Linley Processor Conference 2016
Focusing on embedded processors for communications, automotive, and IoT
Held On September 27 - 28, 2016
Hyatt Regency, Santa Clara, CA
Agenda for Day Two: September 28, 2016
View Day One
How Virtualization is Changing Networking
The concept of network virtualization is not new, but has risen to prominence in recent years as a result of both new technologies (e.g., software-defined networking (SDN)) and new challenges (e.g. security in data centers and "the cloud"). This talk will trace the rise of network virtualization from research project to widely deployed technology. We'll also look at its likely impact on the future of networking, including the increased need for programmable network hardware. The combination of more capable hardware and new approaches to networking software will enable us to tackle a range of long-standing networking challenges.
|9:45am-10:45am||Session 7: Cloud Acceleration
Cloud data centers perform a variety of different workloads. Some of these workloads perform well on general-purpose servers, but others can be offloaded to more efficient special-purpose processors. This session, moderated by The Linley Group principal analyst Linley Gwennap, will introduce a new architecture optimized for deep learning as well as a new processor that offloads high-speed security tasks.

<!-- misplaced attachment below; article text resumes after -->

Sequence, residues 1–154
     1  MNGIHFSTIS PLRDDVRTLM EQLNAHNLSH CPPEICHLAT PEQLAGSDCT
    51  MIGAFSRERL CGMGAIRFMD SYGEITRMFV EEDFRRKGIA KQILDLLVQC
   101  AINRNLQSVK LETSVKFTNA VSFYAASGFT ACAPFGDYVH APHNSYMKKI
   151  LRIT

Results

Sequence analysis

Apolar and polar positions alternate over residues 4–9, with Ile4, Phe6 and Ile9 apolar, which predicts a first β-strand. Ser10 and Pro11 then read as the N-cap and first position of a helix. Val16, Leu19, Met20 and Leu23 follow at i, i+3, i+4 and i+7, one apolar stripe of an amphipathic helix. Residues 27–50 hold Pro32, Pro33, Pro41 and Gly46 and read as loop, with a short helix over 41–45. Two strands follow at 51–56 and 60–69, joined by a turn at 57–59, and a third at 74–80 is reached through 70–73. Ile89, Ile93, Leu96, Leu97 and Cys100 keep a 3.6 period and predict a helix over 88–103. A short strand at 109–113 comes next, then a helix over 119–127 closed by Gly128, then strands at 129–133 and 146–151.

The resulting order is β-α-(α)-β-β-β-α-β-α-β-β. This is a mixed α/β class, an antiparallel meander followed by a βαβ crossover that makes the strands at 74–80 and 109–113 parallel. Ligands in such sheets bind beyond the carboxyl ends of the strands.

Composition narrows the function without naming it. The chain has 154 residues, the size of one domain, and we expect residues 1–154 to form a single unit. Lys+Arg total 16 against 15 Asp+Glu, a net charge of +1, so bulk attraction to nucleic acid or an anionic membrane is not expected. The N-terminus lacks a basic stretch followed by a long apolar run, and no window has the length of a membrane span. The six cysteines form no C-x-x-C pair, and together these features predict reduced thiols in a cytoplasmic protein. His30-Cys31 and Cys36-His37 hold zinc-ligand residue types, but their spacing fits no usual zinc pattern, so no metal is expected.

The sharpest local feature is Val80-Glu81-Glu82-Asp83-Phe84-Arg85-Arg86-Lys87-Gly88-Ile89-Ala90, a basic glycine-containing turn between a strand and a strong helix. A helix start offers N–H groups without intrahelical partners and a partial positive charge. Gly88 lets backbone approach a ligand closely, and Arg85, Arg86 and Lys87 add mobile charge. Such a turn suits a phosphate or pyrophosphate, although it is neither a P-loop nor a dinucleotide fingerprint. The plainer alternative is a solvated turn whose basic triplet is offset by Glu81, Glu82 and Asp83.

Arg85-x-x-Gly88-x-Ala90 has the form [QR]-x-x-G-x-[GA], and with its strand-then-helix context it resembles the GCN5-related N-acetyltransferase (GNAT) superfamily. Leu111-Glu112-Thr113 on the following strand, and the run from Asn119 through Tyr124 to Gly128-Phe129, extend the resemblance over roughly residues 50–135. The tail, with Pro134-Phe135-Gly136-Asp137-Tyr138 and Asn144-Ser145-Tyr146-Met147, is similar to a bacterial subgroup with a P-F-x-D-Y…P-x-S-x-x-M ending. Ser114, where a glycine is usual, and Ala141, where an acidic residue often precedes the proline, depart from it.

A Novel Dataflow Processing Technology for Deep Learning
Dataflow Processing Units (DPUs) provide native support of deep-learning frameworks like TensorFlow and CNTK. DPUs exploit data and model parallelisms in deep learning by leveraging tens of thousands of processing nodes, massive amounts of local and external memory bandwidth with real-time reprogrammability, delivering unparalleled performance. Wave is developing a family of Deep Learning Computers based on DPUs to deliver faster training and inference for cloud, data-center and on-premise environments. This presentation will introduce the microarchitecture of the company's first DPU.
Democratizing Security: Painless Encryption for Every Server Port